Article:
You may remember Dominique Moceanu – the youngest Olympic gold medalist (at age 14) and a member of the 1996 Olympic gold medal winning U.S. Women’s Gymnastics team in Atlanta.
Dominique and her sister were keynote speakers at the AAC conference. If you don’t know this story, you simply must hear it.
Dominique’s parents were both gymnasts from Romania. Her father was very strict and expected perfection from her. Dominique admitted that she was afraid of her father who often screamed at her not to embarrass the Moceanu name by making mistakes. He also hit her or pulled her ears. None of this was public knowledge when Dominique won gold for the United States in 1996. But, at the age of 17, Dominique filed legal documents for emancipation from her parents and the story came out. Dominique has since married and has two children. She says she is the first woman in her family line to marry a non-abusive husband.
A few years after Dominique was born, her mother gave birth to a second daughter. This daughter was born with no legs, and her father decided to leave the baby at the hospital. The Moceanu’s second daughter, who would be named Jennifer Bricker, was adopted by parents who believed in her abilities and taught her not to put limitations on herself. As a result, Jennifer was a competitive softball player, roller skater, and basketball player at a mere three feet tall! Jennifer loved watching competitive gymnastics on television, and her hero was Dominique Moceanu. She told her parents she wanted to be a gymnast too. Jennifer started tumbling at age seven and eventually became the Illinois state tumbling champion – and not in the disabled category! Jennifer now makes her living as an aerial acrobat.
Jennifer knew she was adopted, and she had even commented to her parents that Dominique looked like her. But she was never very interested in her origins until, at the age of 16, a friend told her that she had found her birth parents. Jennifer came home and asked her adoptive mother what she knew about Jennifer’s biological parents. Her mother brought out the envelope of adoption papers she had been saving. Miraculously and accidentally, the signatures of the biological parents had not been blacked out as was the usual procedure.
At the conference, Jennifer went into detail about her search and discovery that her HERO was also her SISTER. She contacted her biological parents who were less than enthusiastic about being found. Jennifer waited. But in early December 2007, she said that her dreams were consumed with making contact with Dominique. She summoned up the courage, copied all the legal documents and pictures of herself growing up, and wrote a letter to her hero. Meanwhile, Dominique was 9 months pregnant with her first child and studying for five final exams to complete her undergraduate degree when the letter arrived. Dominique knew the information was true as soon as she saw Jennifer’s pictures. She waited until after her baby girl was born in late December to call Jennifer. Both sisters said they connected instantly like “best friends.” Dominique reflected, “Life will forever be divided now. Life before knowing Jen, and life after.”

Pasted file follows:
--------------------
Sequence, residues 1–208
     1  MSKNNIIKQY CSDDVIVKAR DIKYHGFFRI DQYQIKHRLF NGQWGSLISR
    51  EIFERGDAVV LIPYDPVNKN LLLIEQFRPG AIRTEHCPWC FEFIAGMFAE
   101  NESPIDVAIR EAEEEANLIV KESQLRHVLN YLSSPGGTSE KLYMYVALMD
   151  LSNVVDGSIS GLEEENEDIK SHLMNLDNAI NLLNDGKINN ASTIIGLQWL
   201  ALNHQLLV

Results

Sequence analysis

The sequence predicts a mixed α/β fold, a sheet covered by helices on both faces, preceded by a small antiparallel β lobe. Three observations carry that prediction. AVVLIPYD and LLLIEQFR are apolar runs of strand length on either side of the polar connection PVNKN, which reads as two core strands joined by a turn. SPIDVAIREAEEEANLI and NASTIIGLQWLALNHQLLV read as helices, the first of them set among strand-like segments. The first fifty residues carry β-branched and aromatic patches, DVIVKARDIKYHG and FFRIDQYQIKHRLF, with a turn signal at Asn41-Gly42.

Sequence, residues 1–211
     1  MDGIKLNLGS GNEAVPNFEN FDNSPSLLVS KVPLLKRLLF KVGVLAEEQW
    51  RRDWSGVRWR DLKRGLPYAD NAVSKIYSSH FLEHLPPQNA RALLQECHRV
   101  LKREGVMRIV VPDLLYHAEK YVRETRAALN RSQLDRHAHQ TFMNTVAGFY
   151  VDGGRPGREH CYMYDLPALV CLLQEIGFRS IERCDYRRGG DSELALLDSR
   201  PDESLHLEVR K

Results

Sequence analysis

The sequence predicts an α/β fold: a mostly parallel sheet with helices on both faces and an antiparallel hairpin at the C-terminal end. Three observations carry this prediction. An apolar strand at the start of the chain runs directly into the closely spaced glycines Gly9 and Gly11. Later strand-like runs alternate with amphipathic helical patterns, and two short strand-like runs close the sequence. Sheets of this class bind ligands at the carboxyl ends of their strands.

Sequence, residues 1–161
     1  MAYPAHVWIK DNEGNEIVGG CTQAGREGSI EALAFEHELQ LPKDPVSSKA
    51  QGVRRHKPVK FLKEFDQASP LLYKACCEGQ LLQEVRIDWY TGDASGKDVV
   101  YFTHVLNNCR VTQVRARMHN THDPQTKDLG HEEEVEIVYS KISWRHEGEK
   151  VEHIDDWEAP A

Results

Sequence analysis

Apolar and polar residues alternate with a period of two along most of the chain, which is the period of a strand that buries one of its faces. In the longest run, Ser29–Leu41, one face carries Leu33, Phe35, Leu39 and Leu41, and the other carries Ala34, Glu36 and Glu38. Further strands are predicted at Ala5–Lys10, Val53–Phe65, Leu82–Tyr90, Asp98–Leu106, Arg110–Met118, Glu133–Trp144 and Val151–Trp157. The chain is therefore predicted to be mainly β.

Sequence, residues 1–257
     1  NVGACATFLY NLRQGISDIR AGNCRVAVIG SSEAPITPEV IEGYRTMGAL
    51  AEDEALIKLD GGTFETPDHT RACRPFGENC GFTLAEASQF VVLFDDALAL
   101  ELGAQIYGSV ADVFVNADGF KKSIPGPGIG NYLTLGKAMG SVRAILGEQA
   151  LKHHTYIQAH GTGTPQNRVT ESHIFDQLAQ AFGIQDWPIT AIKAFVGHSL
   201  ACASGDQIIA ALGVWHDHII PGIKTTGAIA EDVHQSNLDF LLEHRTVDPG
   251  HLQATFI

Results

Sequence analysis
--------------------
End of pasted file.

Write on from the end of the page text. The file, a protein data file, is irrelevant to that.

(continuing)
Jennifer commented, “I had the best childhood. Dominique didn’t. She was blessed in a different way.” She said their circumstances have taught her never to have harsh feelings about birth family: “Things don’t happen TO us. They happen FOR us.” She also said, “A different set of parents would have made a different Jennifer Bricker. The biggest blessing in my life was adoption.”
When asked about her mother (-her father is deceased-), Dominique responded that it is important to forgive those who hurt you so you can live a healthy life. She said she has compassion and understanding, now, for the kind of upbringing that created her father’s behavior. She said that keeping a secret, the way her mother did, for 20 years “affects her.” The memories of pain and hurt make it hard for her to have a relationship with Jennifer. She carries guilt. She worries about judgment. But, Dominique said, the relationship will come in time.
I’m tempted to draw conclusions based on this story – but I know to be cautious. Adoption and adoption reunions don’t always work out this well. There are not always identifiable “good guys” and “bad guys.” Loss is felt more deeply by different members of the adoption triad depending on the circumstances and the personalities of the people involved. Nonetheless, it was good to hear such an uplifting story. It was also good to hear that no one is being left behind. The sisters are willing to be patient and hopeful that their mother will one day be able to experience the joy as well as the pain of adoption.